Mark Cooper's move from Kettering to Peterborough has largely been met with a mixture of disbelief and worry from Posh supporters.
Plunging a 40-year-old who has no experience of Football League management into the Championship is a dangerous game.
How have previous managers fared when they've chosen to make similar step-ups of two divisions or more though? Nobes takes a look.
Peterborough's search for a new manager to replace Darren Ferguson seemed to involve knocking on the door of every young manager in the lower leagues before one finally said yes.
Bournemouth's Eddie Howe turned down their advances, and Oxford boss Chris Wilder seemed to have no interest in the post at all. However, Mark Cooper found the chance to swap Kettering for Posh a no-brainer. Was it though?
Cooper is making the step-up three divisions, but does it work? The most obvious comparison must be Nigel Clough, who as recently as January made the move from Burton to Derby, the same size leap up the pyramid.
Having managed to keep the Rams away from the drop zone, Clough's side find themselves in a similarly precarious position this term - just three points above the bottom three. Progression?
Perhaps it's too early to judge Clough, but he would be the first to admit he's on a steep learning curve - and with a club with greater resources than Cooper will have to work with at London Road.
He can draw heart from the impact Mark Robins has had at Championship rivals Barnsley though. Having cut his teeth in League Two with Rotherham, he has immediately turned around fortunes at Oakwell since September.
Again, it's early days, but the signs are that he is getting the best out of a group of players that had been underachieving in the last couple of years.
Perhaps two divisions is the maximum jump you can take without being found out? Paul Ince's basement division success with MK Dons, as well as his playing career, earned him a shot in the big time with Blackburn.
A few months later, and with Rovers struggling towards the bottom of the Premier League, he was out on his ears and had to return to the Dons during the summer. Now he's rebuilding a reputation damaged by a jump too far, too soon.
He's not alone. Paul Sturrock swapped League One Plymouth for Southampton in the Premier League and found his methods being shunned by top flight players.
He lasted a similarly short time as Ince but has since enjoyed promotions with Swindon and Sheffield Wednesday in the lower divisions. However, he's unlikely to ever get the opportunity of managing in the top flight again, so do you have to take the chance when you get it?
In 2004, Barnet were challenging for promotion to the Football League when manager Martin Allen was offered the job at struggling Brentford. He took the gamble, saved the League One club from relegation, and in the next two seasons took the Bees to successive play-off finishes.
Lee Sinnott was probably hoping for something similar when he left Conference Farsley for Port Vale. He was unable to save the Potteries club from dropping into the basement division and a slow start cost him the following campaign.
The common theme between them is that both took their chance when it arrived. Sinnott found employment again with Bradford Park Avenue before recently parting company with the West Yorkshire club.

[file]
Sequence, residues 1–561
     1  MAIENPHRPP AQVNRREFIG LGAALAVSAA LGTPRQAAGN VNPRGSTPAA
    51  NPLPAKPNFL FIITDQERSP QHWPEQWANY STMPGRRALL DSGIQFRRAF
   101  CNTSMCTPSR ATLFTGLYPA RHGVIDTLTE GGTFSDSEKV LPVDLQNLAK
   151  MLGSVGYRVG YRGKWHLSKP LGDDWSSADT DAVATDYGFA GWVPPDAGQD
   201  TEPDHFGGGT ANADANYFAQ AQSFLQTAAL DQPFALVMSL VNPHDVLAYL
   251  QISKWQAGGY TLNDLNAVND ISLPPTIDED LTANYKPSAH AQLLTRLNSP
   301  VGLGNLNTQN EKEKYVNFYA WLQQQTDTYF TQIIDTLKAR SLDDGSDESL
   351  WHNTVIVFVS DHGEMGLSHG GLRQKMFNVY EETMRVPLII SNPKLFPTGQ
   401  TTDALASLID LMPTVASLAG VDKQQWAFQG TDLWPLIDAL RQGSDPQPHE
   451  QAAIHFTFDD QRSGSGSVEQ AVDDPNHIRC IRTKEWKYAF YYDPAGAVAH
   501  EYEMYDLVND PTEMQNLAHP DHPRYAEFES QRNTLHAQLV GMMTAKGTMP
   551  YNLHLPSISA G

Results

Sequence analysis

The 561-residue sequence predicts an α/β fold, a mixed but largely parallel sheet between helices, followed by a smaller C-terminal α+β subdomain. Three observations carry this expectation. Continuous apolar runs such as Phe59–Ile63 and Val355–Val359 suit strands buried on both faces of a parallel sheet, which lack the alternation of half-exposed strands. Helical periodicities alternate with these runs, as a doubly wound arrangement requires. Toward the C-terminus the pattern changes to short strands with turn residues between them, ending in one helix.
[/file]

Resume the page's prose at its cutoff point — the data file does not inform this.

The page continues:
Allen eventually left Griffin Park and has since turned up at MK Dons, Leicester, and Cheltenham. He may well have been managing in the League with Barnet, but his success at Brentford earned him a reputation and publicity that established him.
It can work the other way. Paul Simpson was one of the hottest young managerial prospects when he left Carlisle for Preston. Successive promotions had catapulted the Cumbrians into League One, but the prospect of bringing top flight football to Deepdale was too good to turn down.
A fine start soon gave way to a bad run that carried over into the next season and saw North End struggling towards the bottom. Simpson was given the push and had to return to League Two with Shrewsbury to start again.
He may well get another chance in the higher divisions, but sometimes a manager can do lasting damage to his reputation by making a move up too early.
Or perhaps it's not a case of the number of levels but simply the person involved. Take the League One boss who was coaching in the Southern Premier League in 2006. Paul Tisdale, manager of Exeter, began his managerial career with University side Team Bath.
Helping the club progress from the Western League Division One to eventually, after he left, the Conference South, Tisdale was given his opportunity at St James Park.
His first season ended in a play-off final heartache to Morecambe before going one better the following term. Last season the Grecians made it back-to-back promotions and now find themselves competing with the likes of Leeds and Norwich.
Was he even linked with the vacant seat in Cambridgeshire? No. Is he out of his depth in League One? No. Has he got one of the smallest clubs and smallest budgets and would keeping Exeter up represent one his best achievements? Yes.
The difference between him and every other manager? He worked his way up the divisions by winning promotion, learning about different divisions and leagues, and building up his experience.
Failure with Peterborough, and Cooper will be wishing he did the same.